So, just as you could have a car that has many different aspects to it that are in one way or another important to that car moving down the road. There's an engine block with pistons, and spark plugs, and there's an exhaust system, and a catalytic converter, and there's gasoline, and there's an accelerator pedal, and there's a brake pedal. There's many, many different components that are in one way or another related to the ability of that car to move. The same is true in the human body in terms of there are many different hormones, and neurotransmitters and biochemical processes that are in one way or another related to energy production and energy levels. Hormones like thyroid hormone, and testosterone, and growth hormone, and insulin, and melatonin, and cortisol and all these different things. Neurotransmitters like dopamine, and serotonin, and GABA. And different processes and gene expression that you could talk about in relation to the circadian clock. And inflammation pathways. And AMPK. And mTOR. And you could talk about a million different things that are in one way or another related to this energy story.
But the fundamental thing, the most upstream thing that is actually regulating human energy levels is our mitochondria. And they are doing it in proportion to the degree to which they are sensing threats. So, in other words, these roles of energy generators and cellular defenders are mutually exclusive. And to the extent that they are picking up on danger signals, they are turning down the dial on energy production and shifting into defense mode. Shifting resources towards cellular defense. And that is the fundamental thing that is really controlling human energy levels. It's the extent to which mitochondria are either in energy mode or defense mode.
So, I think that big picture understanding of what mitochondria are and how they regulate energy levels is very important. Now, you asked a very interesting question, which is related to the density of mitochondria in different tissues of the body and how that might relate to symptoms that will show up. Well, there are a few tissues that are really dense in mitochondria, the brain, the heart, the liver and muscle tissue. All of them have a very, very high density of mitochondria, very high numbers of mitochondria per cell in those tissues.
So, when we see patients who start to have either damage to mitochondria, or dysfunction, or shutdown of the mitochondria, and there's a variety of ways that can happen, the main symptoms that tend to show up are, number one, fatigue. Very important. Number two, there tends to be cardiovascular weakness and muscle weakness. Skeletal muscles tend to shift more into anaerobic lactic-acid-producing metabolism more quickly. There tends to be kind of an exercise intolerance. You might get winded. Feel like your heart's pumping fast. Your muscles are burning much quicker. The liver aspect of things may contribute to the liver being more easily overwhelmed by toxicants and having trouble detoxifying. So, you might develop various kinds of sensitivities. And the brain issues will oftentimes start to result in brain fog, difficulty concentrating and things of that nature. Or brain-related fatigue. So, if you do any sort of mentally demanding task for a period of time, like read a book, or play chess, or even drive a car, or something like that, try to pay attention to a lecture, or a podcast, you might find it difficult. Or after doing it for half an hour, an hour, you might feel like you need a nap because you're so tired from that. So, those I would say are the main types of symptoms that tend to show up with mitochondrial damage or dysfunction.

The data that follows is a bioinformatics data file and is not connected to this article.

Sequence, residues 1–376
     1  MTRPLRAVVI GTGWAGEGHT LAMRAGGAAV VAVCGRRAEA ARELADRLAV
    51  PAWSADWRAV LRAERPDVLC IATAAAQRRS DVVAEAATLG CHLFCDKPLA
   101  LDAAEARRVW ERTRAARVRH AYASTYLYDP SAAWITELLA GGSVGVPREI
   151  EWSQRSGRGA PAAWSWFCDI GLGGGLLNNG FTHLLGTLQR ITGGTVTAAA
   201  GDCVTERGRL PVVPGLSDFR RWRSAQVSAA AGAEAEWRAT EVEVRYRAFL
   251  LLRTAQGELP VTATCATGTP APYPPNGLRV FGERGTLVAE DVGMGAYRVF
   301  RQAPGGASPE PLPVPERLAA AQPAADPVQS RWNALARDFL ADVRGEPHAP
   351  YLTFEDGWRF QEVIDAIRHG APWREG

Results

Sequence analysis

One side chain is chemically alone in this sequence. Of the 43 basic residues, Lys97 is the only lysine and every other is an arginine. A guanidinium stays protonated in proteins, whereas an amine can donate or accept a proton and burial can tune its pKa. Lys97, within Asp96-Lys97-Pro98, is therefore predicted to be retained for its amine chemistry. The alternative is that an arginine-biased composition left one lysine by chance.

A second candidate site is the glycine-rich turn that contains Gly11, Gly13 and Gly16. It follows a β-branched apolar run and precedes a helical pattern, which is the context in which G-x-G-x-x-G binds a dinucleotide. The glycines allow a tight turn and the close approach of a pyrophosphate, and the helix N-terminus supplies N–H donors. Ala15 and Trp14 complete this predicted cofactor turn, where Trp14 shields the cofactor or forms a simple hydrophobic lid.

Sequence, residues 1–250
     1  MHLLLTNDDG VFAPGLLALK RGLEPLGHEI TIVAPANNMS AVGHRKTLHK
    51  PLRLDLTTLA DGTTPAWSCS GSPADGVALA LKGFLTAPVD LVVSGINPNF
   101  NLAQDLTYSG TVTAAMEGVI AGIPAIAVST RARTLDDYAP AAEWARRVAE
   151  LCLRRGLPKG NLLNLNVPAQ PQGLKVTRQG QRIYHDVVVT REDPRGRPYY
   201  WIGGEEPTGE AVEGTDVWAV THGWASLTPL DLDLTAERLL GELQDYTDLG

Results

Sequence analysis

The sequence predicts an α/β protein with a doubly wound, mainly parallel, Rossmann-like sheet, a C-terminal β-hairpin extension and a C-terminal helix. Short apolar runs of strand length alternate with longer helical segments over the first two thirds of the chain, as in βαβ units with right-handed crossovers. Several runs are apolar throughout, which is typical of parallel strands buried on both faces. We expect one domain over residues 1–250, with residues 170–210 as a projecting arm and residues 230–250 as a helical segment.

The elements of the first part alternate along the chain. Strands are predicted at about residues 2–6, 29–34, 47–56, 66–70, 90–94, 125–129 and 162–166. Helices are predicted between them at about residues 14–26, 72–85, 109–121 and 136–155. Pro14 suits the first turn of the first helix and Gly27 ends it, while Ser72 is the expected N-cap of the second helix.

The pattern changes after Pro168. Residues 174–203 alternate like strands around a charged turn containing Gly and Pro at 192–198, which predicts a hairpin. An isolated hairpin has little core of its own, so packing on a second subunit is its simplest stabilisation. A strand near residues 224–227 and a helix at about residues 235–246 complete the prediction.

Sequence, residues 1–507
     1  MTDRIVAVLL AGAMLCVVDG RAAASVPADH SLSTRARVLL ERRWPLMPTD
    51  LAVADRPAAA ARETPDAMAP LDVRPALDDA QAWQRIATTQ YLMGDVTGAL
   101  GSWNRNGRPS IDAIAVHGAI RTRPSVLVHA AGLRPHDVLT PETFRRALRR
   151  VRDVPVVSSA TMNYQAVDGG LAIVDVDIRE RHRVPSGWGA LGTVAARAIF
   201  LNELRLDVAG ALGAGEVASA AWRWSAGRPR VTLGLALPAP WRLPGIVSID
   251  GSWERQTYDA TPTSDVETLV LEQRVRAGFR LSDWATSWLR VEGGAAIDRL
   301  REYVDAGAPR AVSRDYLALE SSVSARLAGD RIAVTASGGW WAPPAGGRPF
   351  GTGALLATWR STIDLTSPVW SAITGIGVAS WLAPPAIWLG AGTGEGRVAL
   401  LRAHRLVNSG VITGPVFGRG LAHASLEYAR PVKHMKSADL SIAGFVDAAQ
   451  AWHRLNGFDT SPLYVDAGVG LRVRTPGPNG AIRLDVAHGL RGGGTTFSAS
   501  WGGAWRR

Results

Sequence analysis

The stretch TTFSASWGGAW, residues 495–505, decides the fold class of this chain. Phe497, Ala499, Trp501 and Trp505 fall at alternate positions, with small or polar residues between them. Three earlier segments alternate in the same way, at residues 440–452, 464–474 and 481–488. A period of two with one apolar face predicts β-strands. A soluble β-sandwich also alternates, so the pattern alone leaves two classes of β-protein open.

[00:13:44] SCOTT: Thinking about mitochondria as environmental sensors, what are some of the key things then that might impair mitochondrial functioning? Are we talking about environmental toxicants? What about water damaged buildings? What are the things that you consider the top mitochondrial impairers or what you call signals in the book?
[00:14:04] ARI: Yeah. So, it's a great question. It turns out mitochondria can basically sense every type of stressor that you can think of, from environmental toxicants like heavy metals or pesticide residues to they can sense nutrient deficiencies, they can sense the presence of toxic nutrients, they can sense sleep deprivation, psychological stress, you name it. Physical over training from too much exercise or exertion. Pretty much any type of stressor you can think of, mitochondria can sense.
Now, this is not because mitochondria have a receptor for physical over training, and a receptor for mercury, and a receptor for every one of the different hundreds of types of pesticides and other environmental toxicants of thousands environmental toxicants, and a receptor for sleep deprivation, stress signals or something like that. It's because, basically, every type of stressor, whether we're talking about an environmental toxicant, or we're talking about let's say LPS endotoxin leaking from the gut, from bacteria in the gut, due to gut permeability. Not leaking into the bloodstream. To psychological stress. To sleep deprivation. All of those things ultimately get translated into a few different chemical signals in the body. And those tend to be – They tend to get translated either into higher levels of oxidative stress, okay? Higher levels of oxidants or reactive oxygen species, or higher levels of inflammatory cytokines, and/or the presence of direct cellular damage occurring.